CodeGear,the Borland subsidiary, has released a new version of JBuilder 2008 its IDE for Java.
The company has added Application Factories – part of the Eclipse framework - to the product, it claimed, to improve developer usability.
Jon Harrison, Lead Technical Evangelist and Product Manager for Java products said that the thinking was to bring all the experience and knowledge within a developer’s head into the application.
“What we have to look at is ways in which we can reuse components or modules to save the developers having to write from scratch. What we’ve done is packaged that ability into a single repository so that developers are presented with views of all modules that are available.
Matt Raible, founder and lead developer of AppFuse, an open source applauded the development. “A common goal of both AppFuse and Application Factories is to reduce the inevitable ramp-up time due to the complexity and number of frameworks typically involved in building new web applications. Application Factories takes a significant step forward in addressing this issue. It enables developers to take an application-centric approach to development and work in an IDE that is application-aware.”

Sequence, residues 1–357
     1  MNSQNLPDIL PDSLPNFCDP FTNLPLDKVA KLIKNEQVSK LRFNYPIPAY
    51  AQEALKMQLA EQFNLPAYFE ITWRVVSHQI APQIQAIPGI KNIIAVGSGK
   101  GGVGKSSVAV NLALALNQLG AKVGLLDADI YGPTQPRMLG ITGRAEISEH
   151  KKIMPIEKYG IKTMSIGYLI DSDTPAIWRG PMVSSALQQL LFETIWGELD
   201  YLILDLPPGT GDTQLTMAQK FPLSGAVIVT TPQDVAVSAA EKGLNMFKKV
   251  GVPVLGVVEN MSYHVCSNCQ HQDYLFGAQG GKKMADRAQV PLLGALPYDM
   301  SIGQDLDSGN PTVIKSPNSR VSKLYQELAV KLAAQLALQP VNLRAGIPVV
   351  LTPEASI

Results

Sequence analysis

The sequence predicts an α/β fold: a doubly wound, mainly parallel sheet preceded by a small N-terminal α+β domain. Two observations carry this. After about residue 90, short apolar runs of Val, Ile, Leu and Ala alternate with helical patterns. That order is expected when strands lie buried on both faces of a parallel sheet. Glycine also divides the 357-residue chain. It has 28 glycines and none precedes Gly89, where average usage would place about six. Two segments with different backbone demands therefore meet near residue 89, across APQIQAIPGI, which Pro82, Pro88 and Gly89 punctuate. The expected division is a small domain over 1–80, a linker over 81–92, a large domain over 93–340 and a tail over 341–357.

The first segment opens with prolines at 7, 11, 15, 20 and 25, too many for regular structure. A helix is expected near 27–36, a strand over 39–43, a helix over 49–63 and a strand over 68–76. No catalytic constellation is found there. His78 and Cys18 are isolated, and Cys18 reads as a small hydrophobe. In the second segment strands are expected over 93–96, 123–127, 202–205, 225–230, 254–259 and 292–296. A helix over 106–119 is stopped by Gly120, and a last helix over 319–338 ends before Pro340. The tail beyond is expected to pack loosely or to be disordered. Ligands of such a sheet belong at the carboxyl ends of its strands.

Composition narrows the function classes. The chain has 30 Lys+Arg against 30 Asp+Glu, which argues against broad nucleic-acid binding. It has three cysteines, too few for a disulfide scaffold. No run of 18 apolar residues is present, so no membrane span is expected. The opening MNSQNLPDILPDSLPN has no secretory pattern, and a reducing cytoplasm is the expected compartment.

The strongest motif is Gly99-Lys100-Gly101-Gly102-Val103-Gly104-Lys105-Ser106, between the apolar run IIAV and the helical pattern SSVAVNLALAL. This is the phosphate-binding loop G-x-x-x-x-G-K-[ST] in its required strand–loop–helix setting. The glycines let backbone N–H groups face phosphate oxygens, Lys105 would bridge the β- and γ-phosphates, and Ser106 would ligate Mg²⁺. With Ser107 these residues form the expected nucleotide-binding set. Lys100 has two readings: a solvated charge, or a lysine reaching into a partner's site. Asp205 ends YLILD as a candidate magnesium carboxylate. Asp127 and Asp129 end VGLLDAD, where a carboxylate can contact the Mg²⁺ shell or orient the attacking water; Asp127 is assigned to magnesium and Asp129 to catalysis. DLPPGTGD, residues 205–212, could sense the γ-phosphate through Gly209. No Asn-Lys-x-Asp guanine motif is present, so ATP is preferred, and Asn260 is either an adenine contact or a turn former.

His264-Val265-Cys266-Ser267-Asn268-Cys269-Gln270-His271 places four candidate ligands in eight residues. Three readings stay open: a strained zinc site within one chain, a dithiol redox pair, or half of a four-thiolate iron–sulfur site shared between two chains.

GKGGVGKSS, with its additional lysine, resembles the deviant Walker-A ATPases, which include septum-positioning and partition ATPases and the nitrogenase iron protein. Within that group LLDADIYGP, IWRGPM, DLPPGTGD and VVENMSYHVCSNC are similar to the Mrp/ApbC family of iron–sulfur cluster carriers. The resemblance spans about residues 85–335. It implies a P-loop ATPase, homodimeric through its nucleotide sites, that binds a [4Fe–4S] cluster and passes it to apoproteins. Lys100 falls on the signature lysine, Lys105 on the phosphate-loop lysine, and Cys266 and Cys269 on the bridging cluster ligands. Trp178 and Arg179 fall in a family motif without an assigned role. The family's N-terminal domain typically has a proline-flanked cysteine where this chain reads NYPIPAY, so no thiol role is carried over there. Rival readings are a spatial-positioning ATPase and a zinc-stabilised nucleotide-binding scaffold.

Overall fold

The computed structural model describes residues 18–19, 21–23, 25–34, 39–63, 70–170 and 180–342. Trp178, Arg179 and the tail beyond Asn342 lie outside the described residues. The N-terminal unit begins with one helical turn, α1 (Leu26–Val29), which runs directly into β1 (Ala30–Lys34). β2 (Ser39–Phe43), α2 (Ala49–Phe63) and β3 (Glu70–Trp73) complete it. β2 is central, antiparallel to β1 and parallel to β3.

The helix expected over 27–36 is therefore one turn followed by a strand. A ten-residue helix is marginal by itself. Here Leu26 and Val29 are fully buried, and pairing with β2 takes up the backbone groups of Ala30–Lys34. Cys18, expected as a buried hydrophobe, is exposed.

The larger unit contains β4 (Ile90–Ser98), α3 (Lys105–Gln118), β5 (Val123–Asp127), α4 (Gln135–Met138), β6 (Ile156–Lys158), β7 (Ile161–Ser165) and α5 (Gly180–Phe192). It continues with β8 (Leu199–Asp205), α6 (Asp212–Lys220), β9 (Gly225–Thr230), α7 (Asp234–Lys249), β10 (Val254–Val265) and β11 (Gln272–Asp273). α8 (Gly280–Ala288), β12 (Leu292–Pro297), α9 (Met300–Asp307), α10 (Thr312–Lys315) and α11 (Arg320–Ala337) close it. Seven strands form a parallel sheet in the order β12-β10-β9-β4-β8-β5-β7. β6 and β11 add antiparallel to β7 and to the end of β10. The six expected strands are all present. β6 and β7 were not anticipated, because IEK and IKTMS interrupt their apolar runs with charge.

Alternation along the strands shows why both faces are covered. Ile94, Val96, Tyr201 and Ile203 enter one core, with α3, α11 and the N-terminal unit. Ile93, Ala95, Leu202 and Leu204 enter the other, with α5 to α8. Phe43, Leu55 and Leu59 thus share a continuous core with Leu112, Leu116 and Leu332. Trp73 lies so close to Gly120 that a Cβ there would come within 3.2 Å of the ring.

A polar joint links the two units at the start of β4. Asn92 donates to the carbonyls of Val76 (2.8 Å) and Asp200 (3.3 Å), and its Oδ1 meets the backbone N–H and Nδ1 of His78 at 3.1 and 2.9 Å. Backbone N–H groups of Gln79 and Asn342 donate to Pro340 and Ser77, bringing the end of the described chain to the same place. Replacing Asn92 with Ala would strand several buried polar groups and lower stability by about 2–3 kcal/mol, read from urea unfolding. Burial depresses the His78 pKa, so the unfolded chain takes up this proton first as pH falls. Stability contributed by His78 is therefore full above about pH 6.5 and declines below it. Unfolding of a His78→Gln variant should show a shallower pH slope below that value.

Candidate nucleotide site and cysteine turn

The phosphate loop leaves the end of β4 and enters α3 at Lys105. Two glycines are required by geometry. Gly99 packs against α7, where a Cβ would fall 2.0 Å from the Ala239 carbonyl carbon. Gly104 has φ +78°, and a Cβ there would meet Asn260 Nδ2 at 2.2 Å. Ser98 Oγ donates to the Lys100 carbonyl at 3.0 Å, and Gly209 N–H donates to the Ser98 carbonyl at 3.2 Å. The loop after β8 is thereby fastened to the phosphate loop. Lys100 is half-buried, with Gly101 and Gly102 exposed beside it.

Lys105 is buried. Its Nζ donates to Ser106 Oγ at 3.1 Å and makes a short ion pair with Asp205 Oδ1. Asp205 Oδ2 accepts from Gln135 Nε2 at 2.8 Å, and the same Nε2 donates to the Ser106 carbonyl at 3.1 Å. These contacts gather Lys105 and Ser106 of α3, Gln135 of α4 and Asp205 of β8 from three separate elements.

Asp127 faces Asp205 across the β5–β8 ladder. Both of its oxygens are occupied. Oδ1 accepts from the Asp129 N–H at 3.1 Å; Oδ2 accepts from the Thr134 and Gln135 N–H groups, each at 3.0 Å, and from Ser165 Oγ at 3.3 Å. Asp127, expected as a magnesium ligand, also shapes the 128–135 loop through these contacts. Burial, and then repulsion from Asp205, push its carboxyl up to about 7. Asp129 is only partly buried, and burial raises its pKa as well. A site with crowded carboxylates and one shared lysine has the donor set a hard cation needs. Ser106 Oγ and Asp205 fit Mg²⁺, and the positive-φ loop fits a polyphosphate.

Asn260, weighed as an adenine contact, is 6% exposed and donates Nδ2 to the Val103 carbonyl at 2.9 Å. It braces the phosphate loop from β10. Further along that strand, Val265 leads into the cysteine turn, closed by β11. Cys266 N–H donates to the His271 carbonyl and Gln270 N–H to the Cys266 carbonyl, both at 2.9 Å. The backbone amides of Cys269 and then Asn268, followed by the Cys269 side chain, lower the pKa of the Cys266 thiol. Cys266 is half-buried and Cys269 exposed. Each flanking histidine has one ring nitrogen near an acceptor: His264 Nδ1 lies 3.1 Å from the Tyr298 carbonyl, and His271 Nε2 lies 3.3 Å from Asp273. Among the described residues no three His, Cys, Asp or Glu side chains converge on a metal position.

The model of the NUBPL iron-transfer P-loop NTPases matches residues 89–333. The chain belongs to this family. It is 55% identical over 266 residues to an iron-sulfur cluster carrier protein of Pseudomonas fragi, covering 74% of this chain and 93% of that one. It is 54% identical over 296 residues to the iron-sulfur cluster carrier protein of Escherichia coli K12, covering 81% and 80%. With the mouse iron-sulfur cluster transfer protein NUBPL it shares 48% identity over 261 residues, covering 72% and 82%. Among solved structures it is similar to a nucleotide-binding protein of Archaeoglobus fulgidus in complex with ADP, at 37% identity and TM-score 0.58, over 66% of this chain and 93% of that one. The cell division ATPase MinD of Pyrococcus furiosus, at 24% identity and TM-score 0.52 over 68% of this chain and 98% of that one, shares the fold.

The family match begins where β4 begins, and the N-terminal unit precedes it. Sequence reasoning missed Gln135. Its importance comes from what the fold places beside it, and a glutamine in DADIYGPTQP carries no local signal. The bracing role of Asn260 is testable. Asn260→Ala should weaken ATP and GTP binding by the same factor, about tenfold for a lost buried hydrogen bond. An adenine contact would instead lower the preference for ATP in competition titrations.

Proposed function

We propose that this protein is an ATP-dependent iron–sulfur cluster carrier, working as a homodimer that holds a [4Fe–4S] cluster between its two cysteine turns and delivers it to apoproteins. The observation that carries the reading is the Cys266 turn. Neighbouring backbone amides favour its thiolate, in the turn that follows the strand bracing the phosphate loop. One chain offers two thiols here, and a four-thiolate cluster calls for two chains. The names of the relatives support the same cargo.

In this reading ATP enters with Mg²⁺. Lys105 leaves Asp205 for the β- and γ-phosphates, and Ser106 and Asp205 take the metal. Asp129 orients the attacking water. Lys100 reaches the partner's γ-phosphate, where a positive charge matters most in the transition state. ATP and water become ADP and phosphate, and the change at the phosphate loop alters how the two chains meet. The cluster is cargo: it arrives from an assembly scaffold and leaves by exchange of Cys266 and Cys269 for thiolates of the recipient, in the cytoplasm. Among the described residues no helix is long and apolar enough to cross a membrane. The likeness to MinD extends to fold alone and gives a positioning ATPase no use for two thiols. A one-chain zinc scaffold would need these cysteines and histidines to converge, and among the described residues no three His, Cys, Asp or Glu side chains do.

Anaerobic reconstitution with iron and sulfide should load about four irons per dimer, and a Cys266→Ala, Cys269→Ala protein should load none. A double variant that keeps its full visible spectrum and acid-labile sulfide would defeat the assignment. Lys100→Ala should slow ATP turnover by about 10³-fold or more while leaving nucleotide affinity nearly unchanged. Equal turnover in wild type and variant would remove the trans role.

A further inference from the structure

Codegear claimed that JBuilder 2008 was also the first commercial IDE for Java to include Instantiations Swing Designer as an integrated feature of the product. Swing Designer is a visual layout tool that helps developers to quickly and easily construct Swing-based graphical user interfaces.
Other new JBuilder 2008 capabilities include:
- Updated support for leading commercial and open source Java application servers
JBuilder 2008 Turbo will be available as a free, certified Eclipse bundle, JBuilder 2008 while JBuilder 2008 Professional will cost a new user, £299. The enterprise version, at £899, offers users provides enterprise-class Java IDE with collaboration and team development support,as well as the newly introduced JBuilder Application Factories.
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